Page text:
GPA Changes at Prep


Sam Shillcutt, Jay Journal Staff

In the midst of the chaotic year that is 2020, students have been suffering both socially and academically as a result of online classes. However, these hard times have resulted in some academic advantages for students’ grades as well. 

For Creighton Prep, one of these boons to students’ grades came this year in the form of a change to the GPA scoring system. In the past, the maximum GPA score for all students was locked at 4.0. However, this year, Creighton Prep introduced a new system. 

For students taking Advanced, Honors, or Advanced Placement courses, the maximum GPA score would be raised, which in turn would raise their grades. Students taking Advanced courses get an additional 0.25 GPA points of leeway, resulting in a maximum score of a 4.25 GPA. Students taking Honors courses get an additional 0.5 GPA points, with a maximum score of a 4.5 GPA. Additionally,  students taking Advanced Placement courses would get an additional entire GPA point added to their grades, with a maximum score of a 5.0 GPA. 

These changes only benefit the students, giving them more leeway to get worse grades without dropping their GPAs significantly, which in turn raised many students’ grades significantly. But why were these changes implemented? Was it a response to COVID-19? 

“This is really something that has been talked about for a long time,” said Academic Principal, Mr. Joe Ryberg.

Talks of implementing this change have been floating around the administration for years.. Two major factors convinced Prep to finally make the jump to the new system this year; advice from college admissions counselors, and the newly hired college counselor, Mrs. Christianne Clark, advocating for this change heavily.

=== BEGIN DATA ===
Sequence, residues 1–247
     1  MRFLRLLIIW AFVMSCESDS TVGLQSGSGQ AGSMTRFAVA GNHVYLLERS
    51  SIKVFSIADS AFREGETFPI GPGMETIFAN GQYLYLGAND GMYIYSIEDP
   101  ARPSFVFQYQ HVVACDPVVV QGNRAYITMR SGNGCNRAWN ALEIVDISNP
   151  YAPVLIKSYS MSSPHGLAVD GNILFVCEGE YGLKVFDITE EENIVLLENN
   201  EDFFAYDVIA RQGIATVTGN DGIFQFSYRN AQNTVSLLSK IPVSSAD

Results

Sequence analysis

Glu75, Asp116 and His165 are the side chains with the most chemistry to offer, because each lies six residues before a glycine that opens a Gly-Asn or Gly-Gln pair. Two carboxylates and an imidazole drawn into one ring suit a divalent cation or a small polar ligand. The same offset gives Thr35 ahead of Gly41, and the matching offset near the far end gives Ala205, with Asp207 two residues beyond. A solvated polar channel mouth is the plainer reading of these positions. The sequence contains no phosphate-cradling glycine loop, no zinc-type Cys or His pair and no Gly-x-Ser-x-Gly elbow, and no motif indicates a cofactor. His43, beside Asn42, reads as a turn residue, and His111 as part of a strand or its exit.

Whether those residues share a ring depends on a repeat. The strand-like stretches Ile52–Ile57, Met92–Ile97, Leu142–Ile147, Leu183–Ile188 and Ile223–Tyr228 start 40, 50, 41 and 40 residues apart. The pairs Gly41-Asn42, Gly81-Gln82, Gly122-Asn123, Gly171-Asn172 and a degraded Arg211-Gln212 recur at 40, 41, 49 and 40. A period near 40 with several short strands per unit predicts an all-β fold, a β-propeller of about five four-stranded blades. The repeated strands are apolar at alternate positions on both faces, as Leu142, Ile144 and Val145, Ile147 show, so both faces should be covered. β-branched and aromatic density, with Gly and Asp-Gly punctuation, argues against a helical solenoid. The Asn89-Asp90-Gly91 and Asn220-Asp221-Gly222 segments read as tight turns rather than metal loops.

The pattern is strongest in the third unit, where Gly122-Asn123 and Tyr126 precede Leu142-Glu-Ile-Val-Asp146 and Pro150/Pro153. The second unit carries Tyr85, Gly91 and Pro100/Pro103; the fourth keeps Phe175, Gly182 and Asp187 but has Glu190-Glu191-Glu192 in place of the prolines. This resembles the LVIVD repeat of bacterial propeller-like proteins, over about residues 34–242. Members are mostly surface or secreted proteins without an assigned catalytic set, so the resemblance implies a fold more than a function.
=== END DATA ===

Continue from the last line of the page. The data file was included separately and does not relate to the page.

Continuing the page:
Prep classes are generally more difficult than public school’s classes; Ryberg himself has stated that Prep has “more challenging courses.” However, this can result in Prep students getting lower grades in their more difficult classes compared to public school students in their classes, which, in turn, means a lower GPA. This lower GPA can sometimes look worse to certain colleges who are seeking students with high GPAs, even if the students are taking harder classes. In order to fix this problem, college admissions counselors suggested the new GPA change, to increase students’ chances of being admitted into the college they prefer. 

“We want to make sure our kids have the best standing with them,” Ryberg said.

However, the main reason for the implementation of the new system this year is the vocal advocacy for it by the new counselor, Mrs. Clark. Clark convinced many of the administration who were in charge of making the decision and were on the fence on whether or not to implement the new system before to vote for the new system. However, it should be noted that this was not a solo effort by Clark, but a group effort made by the whole faculty and administration of Creighton Prep.

Another factor that influenced Prep to change to the new GPA system was other schools, both in Nebraska and around the country, having similar systems. Omaha Central High school has a similar system where students get a one point jump their GPA if they take an honors or AP course. Many Jesuit schools around the country, similar to Creighton Prep, have already instituted systems like this as well. 

This change to the GPA system has already resulted in a large impact to the grades of the student body. 

“Prior to this change, no student had a grade above 4.0. Now 27% of our students have a cumulative GPA above 4.0,” Ryberg said. “A quarter or more of the school has seen their GPA rise above 4.0.” 

Students whose grades were in the 75 percentile or lower are seeing their grades rise, and are getting better chances of going to college. Since no students’ GPAs can lower as a result of this change, this new system is a win for all students, and won’t be going anywhere anytime soon.